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Surviving and thriving

David Epps's picture

Against all odds, there it stood. It was unbowed, unbroken, and unblemished. How in the world it survived is beyond me. After all, I had spared no effort or expense in trying to kill it.

Several years ago, I decided that the area around my mailbox needed something. So, I ringed the areas with stones, bought potting soil, and planted vincas.

The vinca flower, an annual, is a tough plant and thrives in sunny, dry areas. I deemed it the perfect flower to plant around the mailbox since the sun is on the area all day long and it is too far from the house to water frequently.

That spring, I planted about 80 vincas. The flowers were a mix of white, pink, red, and a sort of pinkish red.

The next spring, I did the same, planting about 80 of the flowers. Later, in a few weeks, to my surprise, more vincas sprouted up — lots of them. While the vincas are annuals, they evidently produce a quantity of seeds. So many, in fact, that I never had to plant vincas again. Year after year, a bountiful crop of the hardy, flowering plant grew up and provided a brilliant splash of color around the mailbox.

This year, however, with the mild winter, the copious amount of rain, and my heavy travel schedule, weeds took root in my small flower bed. When it wasn’t raining, and when I had time, I tried to weed the area, but, after several weeks, I knew the battle was lost. The vincas were trying to sprout and grow but the weeds were choking them out. So, I gave up.

I went to a local big box store and bought Round-Up plant killer, a roll of dark, thick plastic, and two bags of tree bark chips. I sprayed every plant to the point of soaking. I knew it was a death sentence for both weeds and vincas. Then I laid down a double lining of the black plastic, and covered it all with the bark chips. I returned to the store and bought four more bags and added them to the former flower bed.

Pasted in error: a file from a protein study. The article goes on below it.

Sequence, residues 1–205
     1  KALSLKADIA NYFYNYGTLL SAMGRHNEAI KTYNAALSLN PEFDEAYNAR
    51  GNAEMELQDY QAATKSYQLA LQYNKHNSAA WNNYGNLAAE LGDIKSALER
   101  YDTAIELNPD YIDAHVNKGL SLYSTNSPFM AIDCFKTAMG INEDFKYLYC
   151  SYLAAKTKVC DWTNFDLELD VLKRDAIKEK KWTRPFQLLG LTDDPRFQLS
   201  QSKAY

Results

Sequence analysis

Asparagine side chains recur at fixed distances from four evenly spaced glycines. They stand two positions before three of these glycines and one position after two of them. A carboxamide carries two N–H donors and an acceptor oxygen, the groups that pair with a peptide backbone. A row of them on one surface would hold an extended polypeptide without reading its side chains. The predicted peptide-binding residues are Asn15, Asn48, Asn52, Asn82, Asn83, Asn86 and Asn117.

A couple of weeks ago, I saw something near the mail box. As I walked down for a look, I realized that it was a vinca. Somehow, it had survived the poison, had penetrated two layers of plastic, and had shoved itself up through several inches of heavy tree bark chips.

A couple of days ago, I counted nine flowers in brilliant pinkish red crowning the tall, green stems and leaves. There it stood as if in defiance. I decided to leave it alone. It has earned the right to survive.

That vinca reminds me of several people I know. Some of these people have endured trials, obstacles, difficulties, heartache, heart-break, illness, loss of jobs, ruptured families, and a host of other situations that would bury most people. Yet, through persistence, determination, grit, and faith they have overcome seemingly insurmountable odds and stand tall, beautiful, and victorious.

They are an example and an encouragement to all who are privileged to know them. Some people — like a certain flower that greets all who pass by — just refuse to be kept down. Not only do they survive — they thrive.

[David Epps is the pastor of the Cathedral of Christ the King, Sharpsburg, Ga. ( He is the bishop of the Mid-South Diocese which consists of Georgia and Tennessee ( and the Associate Endorser for the Department of the Armed Forces, U. S. Military Chaplains, ICCEC. He may contacted at]

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